A. Glasser and P. L. Kaufman, “The mechanism of accommodation in primates1,” Ophthalmology 106(5), 863–872 (1999).
[Crossref]

Ke, B.

B. Ke, X. Mao, H. Jiang, J. He, C. Liu, M. Li, Y. Yuan, and J. Wang, “The relationship between high-order aberration and anterior ocular biometry during accommodation in young healthy adults,” Invest. Ophthalmol. Visual Sci. 58(13), 5628–5635 (2017).
[Crossref]

Khan, A.

Khang, T.

S. Jasvinder, T. Khang, K. Sarinder, V. Loo, and V. Subrayan, “Agreement analysis of LENSTAR with other techniques of biometry,” Eye 25(6), 717–724 (2011).
[Crossref]

Kim, A.

E. Vaghefi, A. Kim, and P. J. Donaldson, “Active maintenance of the gradient of refractive index is required to sustain the optical properties of the lens,” Invest. Ophthalmol. Visual Sci. 56(12), 7195–7208 (2015).
[Crossref]

Kingston, A. C.

A. C. Kingston and I. G. Cox, “Predicting through-focus visual acuity with the eye’s natural aberrations,” Optometry and Vision Science 90(10), 1111–1118 (2013).
[Crossref]

Kistler, J. K.

R. T. Mathias, J. K. Kistler, and P. J. Donaldson, “The lens circulation,” J. Membr. Biol. 216(1), 1–16 (2007).
[Crossref]

Knopp, M. V.

K. Richdale, P. Wassenaar, K. Teal Bluestein, A. Abduljalil, J. A. Christoforidis, T. Lanz, M. V. Knopp, and P. Schmalbrock, “7 Tesla MR imaging of the human eye in vivo,” Cigongzhen Chengxiang 30(5), 924–932 (2009).
[Crossref]

Konouchine, V.

V. Vezhnevets and V. Konouchine, “GrowCut: Interactive multi-label ND image segmentation by cellular automata,” in proc. of Graphicon, 2005), 150–156.

Krejza, J.

R. J. Bert, S. Patz, M. Ossiani, S. D. Caruthers, H. Jara, J. Krejza, and T. Freddo, “High-resolution MR imaging of the human eye 2005,” Academic radiology 13(3), 368–378 (2006).
[Crossref]

Lanz, T.

K. Richdale, P. Wassenaar, K. Teal Bluestein, A. Abduljalil, J. A. Christoforidis, T. Lanz, M. V. Knopp, and P. Schmalbrock, “7 Tesla MR imaging of the human eye in vivo,” Cigongzhen Chengxiang 30(5), 924–932 (2009).
[Crossref]

Li, B.

J. C. Lim, E. Vaghefi, B. Li, M. G. Nye-Wood, and P. J. Donaldson, “Characterization of the Effects of Hyperbaric Oxygen on the Biochemical and Optical Properties of the Bovine LensEffects of HBO on the Bovine Lens,” Invest. Ophthalmol. Visual Sci. 57(4), 1961–1973 (2016).
[Crossref]

Li, M.

B. Ke, X. Mao, H. Jiang, J. He, C. Liu, M. Li, Y. Yuan, and J. Wang, “The relationship between high-order aberration and anterior ocular biometry during accommodation in young healthy adults,” Invest. Ophthalmol. Visual Sci. 58(13), 5628–5635 (2017).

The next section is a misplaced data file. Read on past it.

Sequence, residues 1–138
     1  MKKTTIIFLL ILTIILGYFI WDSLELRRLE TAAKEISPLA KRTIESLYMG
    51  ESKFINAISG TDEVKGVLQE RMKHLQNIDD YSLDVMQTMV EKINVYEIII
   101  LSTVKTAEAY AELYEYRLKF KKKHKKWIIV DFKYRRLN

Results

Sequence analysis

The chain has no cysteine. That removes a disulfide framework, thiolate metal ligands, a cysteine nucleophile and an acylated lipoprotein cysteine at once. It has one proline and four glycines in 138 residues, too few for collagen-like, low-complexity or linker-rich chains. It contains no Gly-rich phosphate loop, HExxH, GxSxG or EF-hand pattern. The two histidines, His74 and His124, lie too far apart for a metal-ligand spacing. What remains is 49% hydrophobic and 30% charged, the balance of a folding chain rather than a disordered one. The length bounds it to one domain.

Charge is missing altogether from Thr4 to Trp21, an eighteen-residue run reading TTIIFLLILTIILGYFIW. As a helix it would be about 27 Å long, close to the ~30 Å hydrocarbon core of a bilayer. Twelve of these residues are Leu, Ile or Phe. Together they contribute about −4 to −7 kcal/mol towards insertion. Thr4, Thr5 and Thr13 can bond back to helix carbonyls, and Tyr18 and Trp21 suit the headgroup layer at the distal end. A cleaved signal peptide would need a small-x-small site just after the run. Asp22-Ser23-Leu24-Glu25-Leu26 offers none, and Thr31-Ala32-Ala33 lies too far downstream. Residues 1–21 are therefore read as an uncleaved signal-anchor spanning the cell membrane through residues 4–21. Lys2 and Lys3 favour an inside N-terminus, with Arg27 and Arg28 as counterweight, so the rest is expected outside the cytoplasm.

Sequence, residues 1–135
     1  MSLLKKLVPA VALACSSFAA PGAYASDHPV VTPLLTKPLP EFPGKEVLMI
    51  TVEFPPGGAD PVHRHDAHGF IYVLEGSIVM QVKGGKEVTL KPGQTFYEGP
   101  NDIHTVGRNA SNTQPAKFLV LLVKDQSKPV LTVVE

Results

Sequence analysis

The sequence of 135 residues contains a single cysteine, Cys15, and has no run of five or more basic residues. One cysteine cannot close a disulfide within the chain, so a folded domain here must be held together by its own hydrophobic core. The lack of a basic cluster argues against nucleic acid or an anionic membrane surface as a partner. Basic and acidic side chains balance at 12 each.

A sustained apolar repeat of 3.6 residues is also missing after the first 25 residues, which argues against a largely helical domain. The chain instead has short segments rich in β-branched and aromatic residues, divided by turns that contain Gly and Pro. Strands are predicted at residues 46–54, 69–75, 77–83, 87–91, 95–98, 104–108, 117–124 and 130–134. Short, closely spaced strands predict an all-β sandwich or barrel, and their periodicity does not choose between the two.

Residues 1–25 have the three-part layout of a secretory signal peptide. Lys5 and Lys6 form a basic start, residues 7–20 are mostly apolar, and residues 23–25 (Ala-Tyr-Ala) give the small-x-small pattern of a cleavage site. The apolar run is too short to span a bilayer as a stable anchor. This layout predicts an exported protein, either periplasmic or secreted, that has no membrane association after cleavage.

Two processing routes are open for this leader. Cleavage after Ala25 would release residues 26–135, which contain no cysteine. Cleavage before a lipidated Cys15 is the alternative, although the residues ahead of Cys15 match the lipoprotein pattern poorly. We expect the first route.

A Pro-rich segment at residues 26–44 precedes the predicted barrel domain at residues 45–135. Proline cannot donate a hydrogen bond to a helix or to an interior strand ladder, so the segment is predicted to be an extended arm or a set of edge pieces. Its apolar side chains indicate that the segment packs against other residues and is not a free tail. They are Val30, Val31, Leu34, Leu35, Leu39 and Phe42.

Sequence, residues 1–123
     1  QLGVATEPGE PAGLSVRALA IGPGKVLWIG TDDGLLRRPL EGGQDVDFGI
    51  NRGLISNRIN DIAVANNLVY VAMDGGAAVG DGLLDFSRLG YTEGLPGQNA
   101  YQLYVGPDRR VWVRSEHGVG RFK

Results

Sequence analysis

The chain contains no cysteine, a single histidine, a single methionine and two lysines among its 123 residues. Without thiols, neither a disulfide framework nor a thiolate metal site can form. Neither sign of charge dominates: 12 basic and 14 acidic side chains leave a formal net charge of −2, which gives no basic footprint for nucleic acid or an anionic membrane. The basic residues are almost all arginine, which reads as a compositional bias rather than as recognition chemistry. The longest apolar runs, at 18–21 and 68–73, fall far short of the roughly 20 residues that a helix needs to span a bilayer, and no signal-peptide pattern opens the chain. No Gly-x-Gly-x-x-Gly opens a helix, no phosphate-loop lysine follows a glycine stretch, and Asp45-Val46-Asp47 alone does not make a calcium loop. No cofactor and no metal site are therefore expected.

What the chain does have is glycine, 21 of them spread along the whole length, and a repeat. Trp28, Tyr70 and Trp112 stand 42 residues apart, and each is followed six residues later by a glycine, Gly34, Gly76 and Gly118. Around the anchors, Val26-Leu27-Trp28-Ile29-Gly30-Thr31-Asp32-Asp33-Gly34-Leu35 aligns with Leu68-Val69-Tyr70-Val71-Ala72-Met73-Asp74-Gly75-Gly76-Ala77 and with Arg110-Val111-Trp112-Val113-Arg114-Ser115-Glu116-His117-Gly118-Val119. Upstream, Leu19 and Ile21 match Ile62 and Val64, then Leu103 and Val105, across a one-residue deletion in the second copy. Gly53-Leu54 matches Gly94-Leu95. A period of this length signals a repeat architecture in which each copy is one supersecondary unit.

[Crossref]

Lim, J. C.

P. J. Donaldson, A. C. Grey, B. M. Heilman, J. C. Lim, and E. Vaghefi, “The physiological optics of the lens,” Prog. Retinal Eye Res. 56, e1–e24 (2017).
[Crossref]

J. C. Lim, E. Vaghefi, B. Li, M. G. Nye-Wood, and P. J. Donaldson, “Characterization of the Effects of Hyperbaric Oxygen on the Biochemical and Optical Properties of the Bovine LensEffects of HBO on the Bovine Lens,” Invest. Ophthalmol. Visual Sci. 57(4), 1961–1973 (2016).
[Crossref]

P. J. Donaldson, K.-S. N. Chee, J. C. Lim, and K. F. Webb, “Regulation of lens volume: implications for lens transparency,” Exp. Eye Res. 88(2), 144–150 (2009).
[Crossref]

Liu, C.

B. Ke, X. Mao, H. Jiang, J. He, C. Liu, M. Li, Y. Yuan, and J. Wang, “The relationship between high-order aberration and anterior ocular biometry during accommodation in young healthy adults,” Invest. Ophthalmol. Visual Sci. 58(13), 5628–5635 (2017).
[Crossref]

Lizak, M. J.

F. A. Bettelheim, M. J. Lizak, and J. S. Zigler, “Relaxographic studies of aging normal human lenses,” Exp. Eye Res. 75(6), 695–702 (2002).
[Crossref]

Loo, V.

S. Jasvinder, T. Khang, K. Sarinder, V. Loo, and V. Subrayan, “Agreement analysis of LENSTAR with other techniques of biometry,” Eye 25(6), 717–724 (2011).
[Crossref]

Lynch, D.

H. Tabandeh, G. M. Thompson, P. Heyworth, S. Dorey, A. J. Woods, and D. Lynch, “Water content, lens hardness and cataract appearance,” Eye 8(1), 125–129 (1994).
[Crossref]

Mallinckrodt, A. J.

J. C. Russ, J. R. Matey, A. J. Mallinckrodt, and S. McKay, “The image processing handbook,” Comput. Phys. 8(2), 177–178 (1994).
[Crossref]

Manns, F.

Mao, X.

B. Ke, X. Mao, H. Jiang, J. He, C. Liu, M. Li, Y. Yuan, and J. Wang, “The relationship between high-order aberration and anterior ocular biometry during accommodation in young healthy adults,” Invest. Ophthalmol. Visual Sci. 58(13), 5628–5635 (2017).
[Crossref]

Marcos, S.

Markwell, E. L.

S. Kasthurirangan, E. L. Markwell, D. A. Atchison, and J. M. Pope, “MRI study of the changes in crystalline lens shape with accommodation and aging in humans,” Journal of vision 11(3), 19 (2011).
[Crossref]